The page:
: A`Flux.Chain`

or`Lux.AbstractExplicitLayer`

neural network that defines the diffusion function. Should output a vector of the same size as the input.`tspan`

: The timespan to be solved on.`alg`

: The algorithm used to solve the ODE. Defaults to`nothing`

, i.e. the default algorithm from DifferentialEquations.jl.`sensealg`

: The choice of differentiation algorithm used in the backpropogation.`kwargs`

: Additional arguments splatted to the ODE solver. See the Common Solver Arguments documentation for more details.

`DiffEqFlux.NeuralHamiltonianDE`

— Type`NeuralHamiltonianDE(model, tspan, args...; kwargs...)`

Constructs a Neural Hamiltonian DE Layer for solving Hamiltonian Problems parameterized by a Neural Network `HamiltonianNN`

.

Arguments:

`model`

: A Flux.Chain, Lux.AbstractExplicitLayer, or Hamiltonian Neural Network that predicts the Hamiltonian of the system.`tspan`

: The timespan to be solved on.`kwargs`

: Additional arguments splatted to the ODE solver. See the Common Solver Arguments documentation for more details.

`DiffEqFlux.NeuralODE`

— Type`NeuralODE(model, tspan, alg = nothing, args...; kwargs...)`

Constructs a continuous-time recurrant neural network, also known as a neural ordinary differential equation (neural ODE), with a fast gradient calculation via adjoints [1]. At a high level this corresponds to solving the forward differential equation, using a second differential equation that propagates the derivatives of the loss backwards in time.

Arguments:

`model`

: A`Flux.Chain`

or`Lux.AbstractExplicitLayer`

neural network that defines the ̇x.`tspan`

: The timespan to be solved on.`alg`

: The algorithm used to solve the ODE. Defaults to`nothing`

, i.e. the default algorithm from DifferentialEquations.jl.`sensealg`

: The choice of differentiation algorithm used in the backpropogation. Defaults to an adjoint method. See the Local Sensitivity Analysis documentation for more details.`kwargs`

: Additional arguments splatted to the ODE solver. See the Common Solver Arguments documentation for more details.

References:

[1] Pontryagin, Lev Semenovich. Mathematical theory of optimal processes. CRC press, 1987.

`DiffEqFlux.NeuralODEMM`

— Type```
NeuralODEMM(model, constraints_model, tspan, mass_matrix, alg = nothing, args...;
sensealg = InterpolatingAdjoint(autojacvec = ZygoteVJP()), kwargs...)
```

Constructs a physically-constrained continuous-time recurrant neural network, also known as a neural differential-algebraic equation (neural DAE), with a mass matrix and a fast gradient calculation via adjoints [1]. The mass matrix formulation is:

\[Mu' = f(u,p,t)\]

where `M`

is semi-explicit, i.e. singular with zeros for rows corresponding to the constraint equations.

Arguments:

`model`

: A`Flux.Chain`

or`Lux.AbstractExplicitLayer`

neural network that defines the ̇`f(u,p,t)`

`constraints_model`

: A function`constraints_model(u,p,t)`

for the fixed constraints to impose on the algebraic equations.`tspan`

: The timespan to be solved on.`mass_matrix`

: The mass matrix associated with the DAE.`alg`

: The algorithm used to solve the ODE. Defaults to`nothing`

, i.e. the default algorithm from DifferentialEquations.jl. This method requires an implicit ODE solver compatible with singular mass matrices. Consult the DAE solvers documentation for more details.`sensealg`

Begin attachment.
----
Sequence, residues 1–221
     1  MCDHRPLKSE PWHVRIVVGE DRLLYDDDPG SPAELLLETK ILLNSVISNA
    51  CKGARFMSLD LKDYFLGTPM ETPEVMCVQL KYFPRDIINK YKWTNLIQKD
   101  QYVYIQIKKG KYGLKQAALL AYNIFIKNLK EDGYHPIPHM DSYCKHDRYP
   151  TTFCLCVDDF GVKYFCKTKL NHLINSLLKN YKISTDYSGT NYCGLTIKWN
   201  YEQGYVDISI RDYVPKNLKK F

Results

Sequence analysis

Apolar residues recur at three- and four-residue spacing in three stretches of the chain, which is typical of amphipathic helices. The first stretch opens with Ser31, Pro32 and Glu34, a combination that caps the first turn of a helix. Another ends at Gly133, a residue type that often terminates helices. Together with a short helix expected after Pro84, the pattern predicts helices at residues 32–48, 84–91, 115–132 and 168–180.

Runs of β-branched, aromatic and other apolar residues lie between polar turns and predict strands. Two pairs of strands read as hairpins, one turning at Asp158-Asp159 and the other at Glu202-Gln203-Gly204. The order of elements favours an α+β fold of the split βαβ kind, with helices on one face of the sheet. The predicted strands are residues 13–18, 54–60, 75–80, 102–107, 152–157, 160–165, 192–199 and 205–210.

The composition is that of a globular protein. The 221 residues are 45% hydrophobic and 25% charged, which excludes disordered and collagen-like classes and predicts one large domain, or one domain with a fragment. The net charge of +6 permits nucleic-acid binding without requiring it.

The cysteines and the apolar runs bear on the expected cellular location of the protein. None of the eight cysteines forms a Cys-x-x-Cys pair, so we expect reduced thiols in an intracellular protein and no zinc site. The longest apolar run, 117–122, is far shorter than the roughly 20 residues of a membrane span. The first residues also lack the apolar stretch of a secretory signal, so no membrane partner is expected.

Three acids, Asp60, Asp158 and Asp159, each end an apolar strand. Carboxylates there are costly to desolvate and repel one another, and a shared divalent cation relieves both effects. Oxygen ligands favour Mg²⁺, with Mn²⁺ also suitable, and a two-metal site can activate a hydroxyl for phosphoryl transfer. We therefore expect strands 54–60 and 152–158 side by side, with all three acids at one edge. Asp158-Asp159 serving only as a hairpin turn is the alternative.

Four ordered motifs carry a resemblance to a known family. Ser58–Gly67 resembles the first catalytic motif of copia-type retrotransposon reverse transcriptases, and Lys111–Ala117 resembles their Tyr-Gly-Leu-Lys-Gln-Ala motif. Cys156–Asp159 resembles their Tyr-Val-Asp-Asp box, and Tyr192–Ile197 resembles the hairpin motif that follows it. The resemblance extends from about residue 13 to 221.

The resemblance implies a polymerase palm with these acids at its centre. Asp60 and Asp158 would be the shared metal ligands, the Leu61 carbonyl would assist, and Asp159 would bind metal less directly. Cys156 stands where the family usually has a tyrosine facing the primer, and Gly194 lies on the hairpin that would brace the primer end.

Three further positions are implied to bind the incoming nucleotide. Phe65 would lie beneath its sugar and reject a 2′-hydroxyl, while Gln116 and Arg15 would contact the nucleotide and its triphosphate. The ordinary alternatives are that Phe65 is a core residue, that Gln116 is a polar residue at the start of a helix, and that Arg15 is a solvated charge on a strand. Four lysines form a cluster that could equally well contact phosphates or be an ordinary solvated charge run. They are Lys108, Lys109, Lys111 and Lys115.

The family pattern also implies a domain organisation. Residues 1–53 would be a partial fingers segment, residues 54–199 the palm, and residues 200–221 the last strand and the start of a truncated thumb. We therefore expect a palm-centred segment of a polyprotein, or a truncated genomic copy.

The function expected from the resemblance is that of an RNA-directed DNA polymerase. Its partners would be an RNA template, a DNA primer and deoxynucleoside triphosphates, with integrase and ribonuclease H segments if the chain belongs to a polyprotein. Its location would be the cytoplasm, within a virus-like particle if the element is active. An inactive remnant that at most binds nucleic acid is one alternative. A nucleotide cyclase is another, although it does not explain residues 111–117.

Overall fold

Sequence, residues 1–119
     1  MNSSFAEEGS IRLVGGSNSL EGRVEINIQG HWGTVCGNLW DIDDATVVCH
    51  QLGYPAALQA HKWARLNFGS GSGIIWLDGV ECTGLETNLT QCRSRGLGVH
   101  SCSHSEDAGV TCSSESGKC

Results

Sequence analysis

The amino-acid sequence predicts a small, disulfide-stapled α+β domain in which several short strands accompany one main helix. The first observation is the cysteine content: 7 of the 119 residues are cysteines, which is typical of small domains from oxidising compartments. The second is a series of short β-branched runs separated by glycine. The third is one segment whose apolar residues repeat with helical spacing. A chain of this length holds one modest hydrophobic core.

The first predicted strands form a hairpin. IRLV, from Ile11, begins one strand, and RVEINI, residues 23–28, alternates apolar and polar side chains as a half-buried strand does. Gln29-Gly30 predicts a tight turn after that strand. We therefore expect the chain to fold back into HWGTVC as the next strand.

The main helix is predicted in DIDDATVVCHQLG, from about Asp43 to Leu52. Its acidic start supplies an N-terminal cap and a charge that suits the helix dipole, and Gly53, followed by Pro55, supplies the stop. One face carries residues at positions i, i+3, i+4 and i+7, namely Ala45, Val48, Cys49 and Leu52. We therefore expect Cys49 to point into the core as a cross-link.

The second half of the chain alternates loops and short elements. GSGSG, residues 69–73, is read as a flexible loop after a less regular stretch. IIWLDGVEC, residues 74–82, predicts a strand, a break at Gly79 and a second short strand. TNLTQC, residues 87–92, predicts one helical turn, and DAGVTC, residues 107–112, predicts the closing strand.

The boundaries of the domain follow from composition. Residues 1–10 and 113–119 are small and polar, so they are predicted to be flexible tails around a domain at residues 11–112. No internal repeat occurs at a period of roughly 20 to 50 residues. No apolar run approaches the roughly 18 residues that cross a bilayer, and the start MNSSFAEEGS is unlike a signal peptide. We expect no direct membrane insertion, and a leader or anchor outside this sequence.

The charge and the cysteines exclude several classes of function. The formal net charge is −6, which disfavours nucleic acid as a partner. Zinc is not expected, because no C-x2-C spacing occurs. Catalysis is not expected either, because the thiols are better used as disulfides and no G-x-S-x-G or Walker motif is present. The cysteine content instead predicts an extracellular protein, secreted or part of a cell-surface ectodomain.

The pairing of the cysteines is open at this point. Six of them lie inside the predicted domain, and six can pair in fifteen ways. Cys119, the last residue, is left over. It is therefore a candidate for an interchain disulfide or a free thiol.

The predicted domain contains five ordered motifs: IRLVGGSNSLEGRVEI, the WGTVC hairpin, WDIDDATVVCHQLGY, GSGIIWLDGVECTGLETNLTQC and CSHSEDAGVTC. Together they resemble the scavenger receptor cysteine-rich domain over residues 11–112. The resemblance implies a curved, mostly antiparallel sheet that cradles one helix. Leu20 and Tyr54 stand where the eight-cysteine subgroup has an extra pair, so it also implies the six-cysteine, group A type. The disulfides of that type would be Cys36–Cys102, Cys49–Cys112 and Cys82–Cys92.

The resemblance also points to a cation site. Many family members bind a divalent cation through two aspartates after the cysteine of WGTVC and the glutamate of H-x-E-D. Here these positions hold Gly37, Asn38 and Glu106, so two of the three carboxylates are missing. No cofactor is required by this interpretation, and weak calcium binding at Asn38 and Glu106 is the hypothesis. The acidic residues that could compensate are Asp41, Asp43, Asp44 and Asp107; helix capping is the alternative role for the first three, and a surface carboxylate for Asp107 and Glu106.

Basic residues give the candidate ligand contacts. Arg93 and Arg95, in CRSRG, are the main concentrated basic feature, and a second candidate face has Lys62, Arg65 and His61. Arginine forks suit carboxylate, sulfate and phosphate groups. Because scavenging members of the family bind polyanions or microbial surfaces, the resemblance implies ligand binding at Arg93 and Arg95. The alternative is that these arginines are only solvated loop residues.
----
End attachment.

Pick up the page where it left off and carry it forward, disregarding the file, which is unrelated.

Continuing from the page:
: The choice of differentiation algorithm used in the backpropogation. Defaults to an adjoint method. See the Local Sensitivity Analysis documentation for more details.`kwargs`

: Additional arguments splatted to the ODE solver. See the Common Solver Arguments documentation for more details.

`DiffEqFlux.NeuralSDE`

— Type```
NeuralSDE(drift, diffusion, tspan, nbrown, alg = nothing, args...;
sensealg=TrackerAdjoint(),kwargs...)
```

Constructs a neural stochastic differential equation (neural SDE).

Arguments:

`drift`

: A`Flux.Chain`

or`Lux.AbstractExplicitLayer`

neural network that defines the drift function.`diffusion`

: A`Flux.Chain`

or`Lux.AbstractExplicitLayer`

neural network that defines the diffusion function. Should output a matrix that is`nbrown x size(x, 1)`

.`tspan`

: The timespan to be solved on.`nbrown`

: The number of Brownian processes.`alg`

: The algorithm used to solve the ODE. Defaults to`nothing`

, i.e. the default algorithm from DifferentialEquations.jl.`sensealg`

: The choice of differentiation algorithm used in the backpropogation.`kwargs`

: Additional arguments splatted to the ODE solver. See the Common Solver Arguments documentation for more details.

`DiffEqFlux.SplineLayer`

— Type`SplineLayer(time_span, time_step, spline_basis, init_saved_points = nothing)`

Constructs a Spline Layer. At a high-level, it performs the following:

- Takes as input a one-dimensional training dataset, a time span, a time step and an interpolation method.
- During training, adjusts the values of the function at multiples of the time-step such that the curve interpolated through these points has minimum loss on the corresponding one-dimensional dataset.

Arguments:

`time_span`

: Tuple of real numbers corresponding to the time span.`time_step`

: Real number corresponding to the time step.`spline_basis`

: Interpolation method to be used yb the basis (current supported interpolation methods:`ConstantInterpolation`

,`LinearInterpolation`

,`QuadraticInterpolation`

,`QuadraticSpline`

,`CubicSpline`

).`init_saved_points`

: values of the function at multiples of the time step. Initialized by default to a random vector sampled from the unit normal. Alternatively, can take a function with the signature`init_saved_points(rng, time_span, time_step)`

.

`DiffEqFlux.AugmentedNDELayer`

— Method`AugmentedNDELayer(nde, adim::Int)`

Constructs an Augmented Neural Differential Equation Layer.

Arguments:

`nde`

: Any Neural Differential Equation Layer.`adim`

: The number of dimensions the initial conditions should be lifted.

References:

[1] Dupont, Emilien, Arnaud Doucet, and Yee Whye Teh. "Augmented neural ODEs." In Proceedings of the 33rd International Conference on Neural Information Processing Systems, pp. 3140-3150. 2019.

`DiffEqFlux.ChebyshevBasis`

— Method`ChebyshevBasis(n)`

Constructs a Chebyshev basis of the form [T_{0}(x), T_{1}(x), ..., T_{n-1}(x)] where T_j(.) is the j-th Chebyshev polynomial of the first kind.

Arguments:

`n`

: number of terms in the polynomial expansion.

`DiffEqFlux.CosBasis`

— Method`CosBasis(n)`

Constructs a cosine basis of the form [cos(x), cos(2x), ..., cos(nx)].